Scott Farlow: “The scourge of antisemitism”

October 26, 2021 by J-Wire Newsdesk
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Member of New South Wales Legislative Council Scott Farlow addressed the state parliament on the definition of antisemitism according to The International Holocaust Remembrance Alliance.

Scott Farlow

He said that the scourge of anti-Semitism, which was at the very core of the Holocaust and is a problem that we unfortunately still see today.

The text of his speech:

“The NSW Jewish Board of Deputies advised that the Jewish community recorded 331 anti-Semitic incidents in 2020, with incidents occurring in schools and affecting Jewish children as young as five years old. Unfortunately, this is based only on incidents that are reported. A survey conducted by Monash University found that the vast majority of anti-Semitic incidents go unreported. The real numbers may be some 30 to 40 times higher.

Last week this House honoured Mr Eddie Jaku, OAM, a Holocaust survivor who dedicated his life to promoting harmony, understanding, peace, love and not showing hatred to anyone. Mr Jaku survived both Auschwitz and Buchenwald concentration camps and, after relocating to Australia, dedicated his life to ensuring that hope and love triumphed over despair and hatred, including through his work at the Sydney Jewish Museum over 30 years. I thank the Premier for his announcement today of a State funeral for Mr Jaku. It is an honour that is well deserved. The International Holocaust Remembrance Alliance [IHRA] was formed in 1998 and has a membership of 34 countries, including Australia. It brings together “governments and experts to strengthen, advance and promote Holocaust education, research and remembrance”.

The IHRA determined that to address the problem of anti-Semitism, there must be clarity about what anti-Semitism actually is. The IHRA Committee on Antisemitism and Holocaust Denial has subsequently set out and agreed on a working definition that has been formally adopted by the United Nations member states of Albania, Argentina, Austria, Belgium, Bulgaria, Canada, Cyprus, the Czech Republic, Estonia, France, Germany, Greece, Guatemala, Hungary, Israel, Italy, Lithuania, Luxembourg, Moldova, the Netherlands, North Macedonia, Poland, Romania, Serbia, Slovakia, Slovenia, South Korea, Spain, Sweden, the United Kingdom, the United States, Uruguay and, most recently, Australia. The working definition has also been adopted by major universities, including Oxford and Cambridge; by sporting associations, including the English Football Association; and by intergovernmental organisations. The working definition of anti-Semitism is simple and powerful. It is also backed by several examples that serve as practical guides to interpreting it. The working definition is as follows:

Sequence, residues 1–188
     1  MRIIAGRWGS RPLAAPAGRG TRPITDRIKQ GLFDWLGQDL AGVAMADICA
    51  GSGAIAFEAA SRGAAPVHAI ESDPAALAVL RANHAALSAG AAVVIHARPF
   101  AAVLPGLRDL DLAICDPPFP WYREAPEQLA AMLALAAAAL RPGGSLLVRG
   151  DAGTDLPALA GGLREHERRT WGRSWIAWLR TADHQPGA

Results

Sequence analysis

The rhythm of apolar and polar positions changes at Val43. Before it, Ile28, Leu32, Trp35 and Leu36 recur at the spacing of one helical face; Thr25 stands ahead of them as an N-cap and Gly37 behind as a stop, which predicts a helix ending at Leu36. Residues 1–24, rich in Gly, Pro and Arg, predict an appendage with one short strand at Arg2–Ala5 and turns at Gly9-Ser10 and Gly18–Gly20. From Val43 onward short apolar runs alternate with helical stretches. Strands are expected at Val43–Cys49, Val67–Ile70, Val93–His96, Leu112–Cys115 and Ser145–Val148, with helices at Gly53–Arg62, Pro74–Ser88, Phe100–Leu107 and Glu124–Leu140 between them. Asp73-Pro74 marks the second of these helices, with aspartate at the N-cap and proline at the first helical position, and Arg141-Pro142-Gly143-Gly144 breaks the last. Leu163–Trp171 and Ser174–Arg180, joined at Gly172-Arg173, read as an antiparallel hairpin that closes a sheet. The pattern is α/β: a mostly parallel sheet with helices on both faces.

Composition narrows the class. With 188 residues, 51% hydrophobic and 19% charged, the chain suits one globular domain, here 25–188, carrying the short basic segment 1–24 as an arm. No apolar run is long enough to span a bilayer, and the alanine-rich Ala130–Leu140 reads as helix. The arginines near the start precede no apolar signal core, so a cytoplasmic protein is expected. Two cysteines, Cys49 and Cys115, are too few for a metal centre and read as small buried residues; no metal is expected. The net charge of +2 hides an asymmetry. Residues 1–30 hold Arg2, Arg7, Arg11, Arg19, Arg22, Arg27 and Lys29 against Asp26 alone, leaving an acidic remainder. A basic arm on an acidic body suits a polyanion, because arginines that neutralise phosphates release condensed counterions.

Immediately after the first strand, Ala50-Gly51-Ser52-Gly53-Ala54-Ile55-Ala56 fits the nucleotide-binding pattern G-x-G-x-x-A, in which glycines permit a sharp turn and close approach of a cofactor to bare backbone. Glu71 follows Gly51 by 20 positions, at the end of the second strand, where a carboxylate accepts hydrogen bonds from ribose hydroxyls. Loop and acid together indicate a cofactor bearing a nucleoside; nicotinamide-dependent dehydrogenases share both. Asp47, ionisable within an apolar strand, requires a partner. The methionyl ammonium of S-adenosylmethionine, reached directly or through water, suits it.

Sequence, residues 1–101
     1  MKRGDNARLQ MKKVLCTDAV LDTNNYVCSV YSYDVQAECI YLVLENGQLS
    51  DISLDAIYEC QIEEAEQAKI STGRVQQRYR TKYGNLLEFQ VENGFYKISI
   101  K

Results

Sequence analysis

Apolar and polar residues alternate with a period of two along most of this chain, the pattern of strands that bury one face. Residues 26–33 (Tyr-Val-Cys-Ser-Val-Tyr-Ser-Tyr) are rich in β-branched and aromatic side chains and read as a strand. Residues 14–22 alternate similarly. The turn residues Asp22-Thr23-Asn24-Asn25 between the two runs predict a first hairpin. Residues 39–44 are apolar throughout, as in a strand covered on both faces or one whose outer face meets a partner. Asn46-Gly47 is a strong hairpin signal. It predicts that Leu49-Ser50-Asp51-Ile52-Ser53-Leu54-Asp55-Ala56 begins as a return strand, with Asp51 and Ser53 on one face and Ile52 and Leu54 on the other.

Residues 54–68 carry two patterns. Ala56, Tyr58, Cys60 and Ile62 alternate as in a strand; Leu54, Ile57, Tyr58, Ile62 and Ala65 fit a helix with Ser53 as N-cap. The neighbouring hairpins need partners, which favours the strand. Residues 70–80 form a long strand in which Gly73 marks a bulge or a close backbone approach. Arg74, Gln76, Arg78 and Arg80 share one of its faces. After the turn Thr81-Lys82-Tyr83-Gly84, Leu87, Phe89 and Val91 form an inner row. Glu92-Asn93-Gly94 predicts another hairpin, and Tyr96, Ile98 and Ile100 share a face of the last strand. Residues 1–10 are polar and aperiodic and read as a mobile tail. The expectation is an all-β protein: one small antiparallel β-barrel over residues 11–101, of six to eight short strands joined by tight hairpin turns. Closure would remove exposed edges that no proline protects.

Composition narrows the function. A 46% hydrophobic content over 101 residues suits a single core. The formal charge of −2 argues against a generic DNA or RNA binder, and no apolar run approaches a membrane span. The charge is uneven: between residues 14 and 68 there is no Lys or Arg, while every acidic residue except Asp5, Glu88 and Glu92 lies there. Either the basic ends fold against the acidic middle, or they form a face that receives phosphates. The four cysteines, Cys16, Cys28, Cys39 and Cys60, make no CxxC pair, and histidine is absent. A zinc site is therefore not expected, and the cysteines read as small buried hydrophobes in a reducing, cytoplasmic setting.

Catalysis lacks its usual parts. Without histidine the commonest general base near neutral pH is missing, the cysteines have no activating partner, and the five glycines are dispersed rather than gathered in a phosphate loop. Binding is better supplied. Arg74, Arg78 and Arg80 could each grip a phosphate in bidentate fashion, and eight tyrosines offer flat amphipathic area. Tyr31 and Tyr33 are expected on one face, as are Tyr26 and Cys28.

Antisemitism is a certain perception of Jews, which may be expressed as hatred toward Jews. Rhetorical and physical manifestations of antisemitism are directed toward Jewish or non-Jewish individuals and/or their property, toward Jewish community institutions and religious facilities.

The examples given with the working definition are practical and workable and can easily be understood. They include: calling for, aiding or justifying the killing or harming of Jews in the name of a radical ideology or an extremist view of religion; making mendacious, dehumanising, demonising or stereotypical allegations about Jews as such or the power of Jews as a collective; accusing Jews as a people of being responsible for real or imagined wrongdoing committed by a single Jewish person or group, or even for acts committed by non-Jews; denying the facts, scope, mechanisms or intentionality of the genocide of the Jewish people at the hands of Nazi Germany and its supporters and accomplices during World War II; accusing the Jews as people, or Israel as a state, of inventing or exaggerating the Holocaust; and denying the Jewish people their right to self-determination.

Adopting the working definition offers clear guideline for assessing whether an act or statement can be reasonably regarded as anti-Semitic. It allows us to make clear and reasonable determinations as to what are considered unacceptable acts and statements. It sends a clear message to the people of New South Wales that we do not and will not accept anti-Semitism in our society, and it sends a clear message to the New South Wales Jewish community that we hear them and we stand with them in saying no to anti-Semitism. As Chair of the NSW Parliamentary Friends of Israel, I congratulate the Prime Minister of Australia, the Hon. Scott Morrison, MP, on adopting the working definition of anti-Semitism. I thank him for his work in this important policy area. The Prime Minister said:

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